Need help with your cat or dog’s move to the UK? We know planning a pet move to the UK can be an overwhelming experience -- contact us to have our UK team manage the details for you.


PetRelocation Team


Air Travel, Airlines, Microchips


Cats, Dogs




Add a Comment

By Anne Kathleen beech on May 3, 2018 at 6:03 pm

My dog is a small Lhasa apso she has put a bit of weight on so she is 7 kilos she is very small and I have the special carrier for her is it possible to travel in cabin with her ,and if not can we take the same flight and she could be in the hold she have all her vaccinations etc etc thank you a,beech I will be traveling on 9 th May this year to u,k with k l,m

By on May 4, 2018 at 8:47 pm

Hi Anne! The rules for importing pets into the UK are very strict. In order for them to reinforce these rules, pets must arrive as "manifest cargo" into the UK. This means they must travel in the cargo hold of an approved carrier, which is perfectly safe as long as your are choosing the right airline and your pet is healthy. We have a team dedicated to relocations to the UK so if you're interested in hiring a service to help, feel free to fill out our Arrange A Move Form here and someone from the UK team will contact you soon. Thanks!

By Nicolò on March 1, 2018 at 11:40 am

Hello, I'll move to uk on the next week, planning to stay one year or more. I should bring with me two rabbits but I really don't understand the real documents that I need. Can you suggest me a clear website or just explaine me what I need for that? Thank you in advance, Nicolò Cappelli

By on March 1, 2018 at 12:59 pm

Hello Nicolo! You can find the requirements for importing rabbits to the UK here. Hope this helps and happy travels!

By jane on February 19, 2018 at 4:29 am

we are driving to turkey with our dogs on hols with us driving through many different countires. can anyone tell me what we do about worming etc to bring them home do we worm them in turkey before leaving or can we do it in a european country we are driving through?

By on February 19, 2018 at 10:57 am

Hi Jane,

You will need to check the import requirements for each country you’ll be passing through to prevent any unexpected obstacles on your trip. You can find more information on Turkey and other countries on our website. You can also search the IPATA directory of pet shippers by country if you need guidance on ground transport. Hope this helps!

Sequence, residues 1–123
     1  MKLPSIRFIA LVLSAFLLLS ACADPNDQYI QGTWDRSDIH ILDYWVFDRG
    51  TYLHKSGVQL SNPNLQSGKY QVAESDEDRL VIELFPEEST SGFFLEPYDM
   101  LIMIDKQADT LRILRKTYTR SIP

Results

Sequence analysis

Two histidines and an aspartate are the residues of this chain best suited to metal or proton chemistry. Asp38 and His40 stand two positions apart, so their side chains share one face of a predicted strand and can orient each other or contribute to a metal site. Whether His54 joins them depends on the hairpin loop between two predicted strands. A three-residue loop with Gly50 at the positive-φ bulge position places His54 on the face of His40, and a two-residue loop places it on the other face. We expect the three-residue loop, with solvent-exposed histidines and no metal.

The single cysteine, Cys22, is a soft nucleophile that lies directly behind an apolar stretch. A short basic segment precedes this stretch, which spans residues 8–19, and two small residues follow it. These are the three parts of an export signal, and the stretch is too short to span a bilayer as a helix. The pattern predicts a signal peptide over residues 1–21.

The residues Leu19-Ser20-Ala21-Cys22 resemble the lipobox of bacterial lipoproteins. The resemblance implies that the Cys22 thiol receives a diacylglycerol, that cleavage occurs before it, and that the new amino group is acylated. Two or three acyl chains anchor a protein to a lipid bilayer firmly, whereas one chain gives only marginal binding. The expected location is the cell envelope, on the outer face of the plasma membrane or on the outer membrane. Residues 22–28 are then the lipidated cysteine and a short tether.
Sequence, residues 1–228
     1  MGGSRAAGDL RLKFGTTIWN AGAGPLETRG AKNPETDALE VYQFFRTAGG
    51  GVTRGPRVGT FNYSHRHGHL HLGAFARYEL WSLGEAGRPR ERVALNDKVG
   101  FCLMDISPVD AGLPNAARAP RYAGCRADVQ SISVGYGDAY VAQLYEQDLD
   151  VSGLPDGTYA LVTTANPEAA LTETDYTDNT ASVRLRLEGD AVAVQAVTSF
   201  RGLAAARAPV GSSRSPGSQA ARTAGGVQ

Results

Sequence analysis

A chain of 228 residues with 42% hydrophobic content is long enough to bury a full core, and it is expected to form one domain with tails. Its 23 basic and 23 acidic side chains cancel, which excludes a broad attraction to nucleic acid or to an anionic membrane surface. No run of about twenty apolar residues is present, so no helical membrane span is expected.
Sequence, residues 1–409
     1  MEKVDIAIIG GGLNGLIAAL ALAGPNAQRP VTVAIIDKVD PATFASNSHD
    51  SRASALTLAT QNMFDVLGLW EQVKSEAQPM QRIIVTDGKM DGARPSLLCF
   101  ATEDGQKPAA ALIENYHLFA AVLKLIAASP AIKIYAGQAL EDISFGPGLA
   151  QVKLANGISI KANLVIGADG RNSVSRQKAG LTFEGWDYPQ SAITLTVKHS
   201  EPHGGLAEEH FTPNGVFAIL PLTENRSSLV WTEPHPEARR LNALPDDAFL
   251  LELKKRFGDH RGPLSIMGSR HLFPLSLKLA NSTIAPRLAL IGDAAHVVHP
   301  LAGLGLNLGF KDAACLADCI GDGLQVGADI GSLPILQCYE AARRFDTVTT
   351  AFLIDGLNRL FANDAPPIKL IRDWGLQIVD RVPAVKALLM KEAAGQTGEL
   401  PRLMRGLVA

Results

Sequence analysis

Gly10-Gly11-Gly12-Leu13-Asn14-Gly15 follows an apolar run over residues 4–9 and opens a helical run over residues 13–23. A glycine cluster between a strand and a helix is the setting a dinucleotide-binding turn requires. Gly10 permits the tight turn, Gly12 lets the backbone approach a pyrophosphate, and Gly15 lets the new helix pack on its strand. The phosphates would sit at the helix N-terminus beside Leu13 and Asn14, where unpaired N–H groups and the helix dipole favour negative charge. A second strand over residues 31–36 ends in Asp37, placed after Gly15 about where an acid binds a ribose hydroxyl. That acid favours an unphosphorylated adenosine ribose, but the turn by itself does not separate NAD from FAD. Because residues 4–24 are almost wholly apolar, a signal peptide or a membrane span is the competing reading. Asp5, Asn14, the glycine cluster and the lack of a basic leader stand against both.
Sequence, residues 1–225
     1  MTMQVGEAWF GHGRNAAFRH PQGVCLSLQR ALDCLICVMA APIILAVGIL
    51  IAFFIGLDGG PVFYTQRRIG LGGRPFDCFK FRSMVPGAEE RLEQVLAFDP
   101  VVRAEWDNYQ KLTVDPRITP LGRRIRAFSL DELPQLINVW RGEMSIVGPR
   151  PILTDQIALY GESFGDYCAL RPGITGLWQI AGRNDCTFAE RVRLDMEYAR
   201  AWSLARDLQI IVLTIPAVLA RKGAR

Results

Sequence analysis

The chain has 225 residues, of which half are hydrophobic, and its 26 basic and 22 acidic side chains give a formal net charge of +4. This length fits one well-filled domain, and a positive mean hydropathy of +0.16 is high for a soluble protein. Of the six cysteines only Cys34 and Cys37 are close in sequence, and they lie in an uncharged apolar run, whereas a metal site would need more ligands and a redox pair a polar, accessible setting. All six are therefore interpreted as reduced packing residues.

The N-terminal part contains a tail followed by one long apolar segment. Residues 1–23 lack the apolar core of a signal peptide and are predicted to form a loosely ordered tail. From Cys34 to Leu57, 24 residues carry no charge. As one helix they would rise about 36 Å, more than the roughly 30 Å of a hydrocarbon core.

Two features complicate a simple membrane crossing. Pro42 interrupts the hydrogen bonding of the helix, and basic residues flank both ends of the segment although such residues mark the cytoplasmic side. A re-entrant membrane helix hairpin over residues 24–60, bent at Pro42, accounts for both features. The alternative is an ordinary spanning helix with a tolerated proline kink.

By Patrick Wicker on January 16, 2018 at 8:04 am

Hi Bethany! I'm doing a test for AMP pages!

By Claire Jenkins on December 27, 2017 at 9:12 pm

My beagle gets separation anxiety and he's been known to chew his way out of a crate, I worry trying to have him move with me from the US to the UK. Whats your suggestion for a safe travel for him?

By on December 28, 2017 at 4:54 am

Hello Claire,

That's a great question. Helping your beagle feel comfortable in his crate as early as possible is the number one thing you can do to ensure he has a good travel experience! We have a couple of posts on our website that you may find very helpful. One covers gradual crate training (you may need to start from scratch and follow these steps to help him associate his crate with positive experiences) and the other contains suggestions for easing anxiety.

These should be good starting points as you prepare your four-legged family member for a successful trip. Many times with consistency and patience it is possible to transform the crate into a cozy refuge that your dog can view as a safe space!

By on December 27, 2017 at 10:00 am

Hi Nandini,

Thanks for your question! It can be a little trickier to find flights for these breeds, but there are options!

Have you looked into Lufthansa? Some snub-nosed breeds, including the English bulldog, are allowed on this airline. However, they are considered an "at-risk" breed in temperatures exceeding 80-degrees Fahrenheit, so this is something you need to consider when choosing a departure date. Lufthansa is one of the airlines we book with because of the high standards they have in place for transporting pets as cargo. Availabilities of flight routes will depend on which airport you're leaving from, so it may require a little creativity in the planning process since there are limited airlines that fly this breed.

We have a blog post on the process of booking a flight with Lufthansa if you're handling the logistics on your own, or you can fill out our Arrange a Move form to have one of our relocation consultants contact you with more information on PetRelocation's services. Hope this helps!

By Nandini Iyer on December 27, 2017 at 6:49 am

I would like to move my English Bulldog to the UK from the US, and am having a tough time finding airlines that will take my pet, due to the fact that he is a snub-nosed dogs. I have him microchipped and will obtain all the necessary health certificates, but am looking for airlines that will take him on the same plane as unaccompanied baggage.